The online trading community continues to receive responses to FCA’s new rules banning the sale of derivatives related to certain types of crypto-assets to retail consumers.
While it is not unusual to see a company or an industry association exhort its members to help lobby on legislation, CoinShares has taken it one step further by enlisting its customers to take action against FCA’s crackdown.
The cryptoasset investment and research platform today said it clearly disagrees with the City watchdog’s ban on the sale of crypto-based derivatives due to what it considers the prevalence of market abuses and that underlying assets had ‘no reliable basis for valuation’.
The ban will come into effect on January 6, 2021, and affects CFDs, options and futures, as well as exchange traded notes (ETNs) that relate to unregulated cryptoassets.
Coinshare’s derivatives have had a very successful year much like the rest of the cryptocurrency economy. Its product Bitcoin Tracker One (COINXBT:SS) yielded nearly 40 percent in year-to-date return.
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The FCA estimates the prohibition would save investors £53 million ($69 million) a year in losses, but it would not force them to liquidate their existing trades. However, CoinShares said the ban will not result in such savings or benefits; rather, it will only drive UK retail investors to unregulated crypto exchanges that offer far fewer protections.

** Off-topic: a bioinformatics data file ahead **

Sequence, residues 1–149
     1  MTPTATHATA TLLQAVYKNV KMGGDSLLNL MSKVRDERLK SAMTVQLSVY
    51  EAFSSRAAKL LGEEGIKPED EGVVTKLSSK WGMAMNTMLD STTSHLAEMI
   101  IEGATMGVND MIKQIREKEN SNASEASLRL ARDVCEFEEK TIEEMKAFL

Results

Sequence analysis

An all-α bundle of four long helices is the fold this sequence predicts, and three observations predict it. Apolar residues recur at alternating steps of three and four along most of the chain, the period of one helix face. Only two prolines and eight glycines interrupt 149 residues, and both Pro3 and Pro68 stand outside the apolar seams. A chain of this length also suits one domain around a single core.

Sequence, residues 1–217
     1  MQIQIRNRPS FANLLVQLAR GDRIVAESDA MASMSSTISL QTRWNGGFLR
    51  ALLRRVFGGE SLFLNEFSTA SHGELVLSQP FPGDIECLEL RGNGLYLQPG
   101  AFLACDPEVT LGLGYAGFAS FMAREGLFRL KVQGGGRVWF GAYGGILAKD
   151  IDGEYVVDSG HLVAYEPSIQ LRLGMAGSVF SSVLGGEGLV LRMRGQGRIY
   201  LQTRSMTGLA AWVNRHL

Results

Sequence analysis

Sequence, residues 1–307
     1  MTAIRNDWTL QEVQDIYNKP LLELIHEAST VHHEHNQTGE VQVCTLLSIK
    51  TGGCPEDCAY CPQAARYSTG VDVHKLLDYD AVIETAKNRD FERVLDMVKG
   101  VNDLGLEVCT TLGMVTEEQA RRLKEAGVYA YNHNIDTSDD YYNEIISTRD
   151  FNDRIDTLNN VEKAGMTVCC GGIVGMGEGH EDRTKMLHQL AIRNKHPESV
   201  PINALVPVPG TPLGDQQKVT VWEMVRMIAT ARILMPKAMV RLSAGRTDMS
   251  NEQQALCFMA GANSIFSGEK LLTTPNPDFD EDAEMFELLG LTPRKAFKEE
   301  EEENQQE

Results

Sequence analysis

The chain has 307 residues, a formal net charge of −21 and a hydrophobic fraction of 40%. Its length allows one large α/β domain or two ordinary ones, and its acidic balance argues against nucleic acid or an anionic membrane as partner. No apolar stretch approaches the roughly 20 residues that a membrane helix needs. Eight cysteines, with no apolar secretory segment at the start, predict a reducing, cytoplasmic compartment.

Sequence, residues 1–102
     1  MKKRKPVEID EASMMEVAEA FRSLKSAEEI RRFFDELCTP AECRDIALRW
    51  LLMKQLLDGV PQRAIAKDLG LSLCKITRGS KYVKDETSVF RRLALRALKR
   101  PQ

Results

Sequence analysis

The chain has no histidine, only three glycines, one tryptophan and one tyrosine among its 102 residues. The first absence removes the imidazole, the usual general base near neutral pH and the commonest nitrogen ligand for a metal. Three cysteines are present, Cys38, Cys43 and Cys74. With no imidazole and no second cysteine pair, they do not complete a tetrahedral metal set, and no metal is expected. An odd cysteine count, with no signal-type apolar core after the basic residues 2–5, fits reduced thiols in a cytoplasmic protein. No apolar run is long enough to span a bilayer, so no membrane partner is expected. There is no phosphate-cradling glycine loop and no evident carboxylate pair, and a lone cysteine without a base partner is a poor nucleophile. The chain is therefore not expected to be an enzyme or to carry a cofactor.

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CoinShares said it had several meetings with the FCA to dissuade them from banning crypto-related ETNs to UK retail investors. Using a ready template on its website, CoinShares urged its clients last year to swap out their personal details and submit a version of this response to the regulator via email.
“We see the FCA ban as further evidence that the UK is turning its back on innovation in digital assets and on regulatory coordination with other jurisdictions. It remains the only Western jurisdiction to ban digital assets based on the false belief that they have ‘no intrinsic value’,” it further states.
Coinshares already operates publicly traded crypto exchange-traded-notes (ETNs), which are regulated by the Swedish FSA. The company says they offer retail investors more ‘familiar channels’ to invest in the growing digital asset economy.
The firm states it plans to expand in other jurisdictions but still has a lot of work to do regarding dealing with regulators investigating digital assets.
However, the FCA considers these products are ‘ill-suited to retail consumers’ who cannot assess the risks of derivatives or ETNs that reference certain crypto-assets.
Furthermore, the company reassured its investors that it will continue to operate their products as normal. CoinShares indicated that it operates a broadly diversified business spanning across many jurisdictions. As a result of this diversification across business lines and geographies, the company does not expect the anticipated changes to regulation to have an adverse effect on its overall offering.